Bacterial vaginosis is an inflammation of the vaginal tissue as a result of bacteria. As anaerobes, or “bad” bacteria, become too numerous, they disrupt the natural balance of vaginal flora. This leads to irritation and subsequent inflammation of the vaginal tissue, causing symptoms often associated with the condition, such as vaginal discharge, itching and foul odors. You may also notice a burning sensation upon urination or even pain during intercourse. Multiple sex partners, douching, IUDs and lack of contraceptive protection — namely condoms — increase your risk, but research has found that there may be a dietary component to this condition, including a lack of folate in the diet. Talk to your doctor before taking a dietary supplement to prevent or treat bacterial vaginosis.
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A study published in the September 2007 “Journal of Nutrition” found that certain nutrients may affect the severity of bacterial vaginosis. Women with diets higher in folate — as well as vitamin E and calcium — were less likely to develop severe vaginosis than women whose diets lacked the recommended daily allowance of this nutrient. Researchers believe the increased intake of both folate and vitamin E improved immune response, which could then lower the risk of this condition. The reason calcium was of benefit is still unknown.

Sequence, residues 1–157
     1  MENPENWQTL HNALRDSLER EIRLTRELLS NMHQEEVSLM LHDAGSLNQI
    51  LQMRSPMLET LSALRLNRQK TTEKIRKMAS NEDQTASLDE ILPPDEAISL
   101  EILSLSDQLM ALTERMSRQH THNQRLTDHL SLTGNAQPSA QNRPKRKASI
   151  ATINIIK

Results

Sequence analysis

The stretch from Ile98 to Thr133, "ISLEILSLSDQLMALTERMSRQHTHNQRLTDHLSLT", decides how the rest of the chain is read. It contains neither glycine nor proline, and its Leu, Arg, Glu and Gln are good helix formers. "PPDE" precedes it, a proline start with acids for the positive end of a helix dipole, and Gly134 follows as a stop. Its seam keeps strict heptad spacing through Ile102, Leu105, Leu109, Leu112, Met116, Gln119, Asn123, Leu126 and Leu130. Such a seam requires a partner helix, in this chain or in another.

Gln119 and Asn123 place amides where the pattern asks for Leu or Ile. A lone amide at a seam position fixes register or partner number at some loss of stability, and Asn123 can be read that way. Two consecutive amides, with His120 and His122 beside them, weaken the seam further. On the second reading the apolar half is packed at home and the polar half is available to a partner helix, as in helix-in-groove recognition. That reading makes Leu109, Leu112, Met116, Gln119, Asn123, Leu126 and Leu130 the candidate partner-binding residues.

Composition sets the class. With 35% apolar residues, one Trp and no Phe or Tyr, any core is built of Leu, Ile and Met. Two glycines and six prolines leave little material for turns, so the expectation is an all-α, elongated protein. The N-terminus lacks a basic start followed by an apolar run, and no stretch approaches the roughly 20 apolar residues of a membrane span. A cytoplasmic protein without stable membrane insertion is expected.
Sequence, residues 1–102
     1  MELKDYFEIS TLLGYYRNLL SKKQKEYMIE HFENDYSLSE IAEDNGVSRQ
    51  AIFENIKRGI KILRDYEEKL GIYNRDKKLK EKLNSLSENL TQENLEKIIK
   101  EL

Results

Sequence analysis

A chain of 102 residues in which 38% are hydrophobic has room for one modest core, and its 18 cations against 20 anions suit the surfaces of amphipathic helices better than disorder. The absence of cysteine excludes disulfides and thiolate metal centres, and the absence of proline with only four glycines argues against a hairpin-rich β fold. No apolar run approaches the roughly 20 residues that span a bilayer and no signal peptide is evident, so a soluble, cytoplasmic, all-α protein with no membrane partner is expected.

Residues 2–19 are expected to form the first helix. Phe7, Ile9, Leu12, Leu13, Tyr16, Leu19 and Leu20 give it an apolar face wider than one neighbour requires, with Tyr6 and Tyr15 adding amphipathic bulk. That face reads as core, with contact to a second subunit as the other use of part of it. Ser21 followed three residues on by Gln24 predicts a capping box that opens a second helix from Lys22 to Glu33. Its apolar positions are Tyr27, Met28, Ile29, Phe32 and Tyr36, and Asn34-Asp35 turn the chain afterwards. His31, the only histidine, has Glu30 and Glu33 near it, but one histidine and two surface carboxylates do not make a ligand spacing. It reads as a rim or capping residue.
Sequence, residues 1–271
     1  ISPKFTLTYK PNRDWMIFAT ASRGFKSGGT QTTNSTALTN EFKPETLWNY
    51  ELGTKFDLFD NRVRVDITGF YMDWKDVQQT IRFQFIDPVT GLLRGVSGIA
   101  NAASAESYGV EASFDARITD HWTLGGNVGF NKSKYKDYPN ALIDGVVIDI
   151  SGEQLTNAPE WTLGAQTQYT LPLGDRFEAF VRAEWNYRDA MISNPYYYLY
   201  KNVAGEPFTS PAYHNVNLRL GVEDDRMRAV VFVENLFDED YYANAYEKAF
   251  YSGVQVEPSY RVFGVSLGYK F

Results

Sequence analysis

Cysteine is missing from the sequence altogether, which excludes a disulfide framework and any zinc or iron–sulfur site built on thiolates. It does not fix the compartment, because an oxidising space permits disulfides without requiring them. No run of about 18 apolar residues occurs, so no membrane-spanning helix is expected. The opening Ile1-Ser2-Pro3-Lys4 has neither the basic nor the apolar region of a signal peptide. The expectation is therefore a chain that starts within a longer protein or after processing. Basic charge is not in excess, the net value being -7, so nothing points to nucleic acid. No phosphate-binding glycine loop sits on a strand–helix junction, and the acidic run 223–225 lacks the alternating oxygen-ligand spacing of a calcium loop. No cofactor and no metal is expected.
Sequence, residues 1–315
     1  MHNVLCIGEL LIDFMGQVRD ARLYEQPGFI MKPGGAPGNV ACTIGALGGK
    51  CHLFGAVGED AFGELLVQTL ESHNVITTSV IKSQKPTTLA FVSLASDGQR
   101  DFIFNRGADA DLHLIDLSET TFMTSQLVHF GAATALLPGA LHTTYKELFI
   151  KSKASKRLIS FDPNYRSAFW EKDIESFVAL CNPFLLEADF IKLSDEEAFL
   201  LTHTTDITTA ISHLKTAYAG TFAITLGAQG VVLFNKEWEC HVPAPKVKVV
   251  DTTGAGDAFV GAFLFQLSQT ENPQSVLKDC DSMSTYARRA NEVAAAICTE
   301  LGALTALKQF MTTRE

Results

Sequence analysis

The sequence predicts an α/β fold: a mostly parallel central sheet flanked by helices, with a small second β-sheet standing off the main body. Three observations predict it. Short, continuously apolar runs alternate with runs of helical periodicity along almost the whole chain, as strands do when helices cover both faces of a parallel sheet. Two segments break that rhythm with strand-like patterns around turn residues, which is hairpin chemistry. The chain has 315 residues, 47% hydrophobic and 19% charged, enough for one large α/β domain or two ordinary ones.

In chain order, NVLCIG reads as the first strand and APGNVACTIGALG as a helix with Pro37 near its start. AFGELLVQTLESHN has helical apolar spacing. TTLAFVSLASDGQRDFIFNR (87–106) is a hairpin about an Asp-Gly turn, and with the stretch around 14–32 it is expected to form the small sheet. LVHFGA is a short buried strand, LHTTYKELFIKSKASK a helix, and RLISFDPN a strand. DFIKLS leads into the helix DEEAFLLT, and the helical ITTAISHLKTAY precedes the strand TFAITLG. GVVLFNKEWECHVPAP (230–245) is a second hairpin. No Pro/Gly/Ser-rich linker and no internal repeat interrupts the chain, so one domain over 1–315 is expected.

Folic acid is a synthetic version of folate, a water-soluble B vitamin. Recommended daily allowance is set at 400 micrograms, or mcg, a day for both men and women 14 years and older. As with any nutrient, the best source of folate is diet. Breakfast cereals are often fortified with this B vitamin, but spinach, peas, beans, asparagus, avocado, peanuts, romaine lettuce, wheat germ and beef liver are also good sources. It’s also found in cantaloupe, papaya, banana and breads. If you’re unable to get enough folate in your diet, you may then want to take folic acid to bring your intake of folate to the recommended amount, but talk to your doctor before doing so.
While folate — or folic acid, for that matter — may help reduce your risk of severe bacterial vaginosis, it doesn’t appear to treat the condition. Any report of benefit is anecdotal at best. Instead, your doctor will likely prescribe a medication. Metronidazole and clindamycin are the most common drugs used to treat bacterial vaginosis, according to the U.S. Department of Health and Human Services Office of Women’s Health. Both medications are used topically for a period of five to seven days until the infection clears. MayoClinic.com, however, also lists tinidazole as another option to treat this condition. This medication is taken orally for two to five days. Your doctor can determine which prescription is best suited to your needs.
Although folic acid is considered safe, it isn’t without potential side effects, especially when taken in high doses. According to the University of Maryland Medical Center, high doses of folic acid have been known to cause stomach problems, sleep disruption and skin reactions. It may also cause seizures in people taking anticonvulsant medications. Always talk to your doctor before taking this or any other supplement to prevent bacterial vaginosis.
- “Journal of Nutrition”; Dietary Intake of Selected Nutrients Affects Bacterial Vaginosis in Women; Y.H. Neggers, et al.; September 2007
- MayoClinic.com; Folate (Folic Acid); July 2011
- Office of Dietary Supplements; Folate; April 2009
- University of Maryland Medical Center; Vitamin B-9 (Folic Acid); May 2009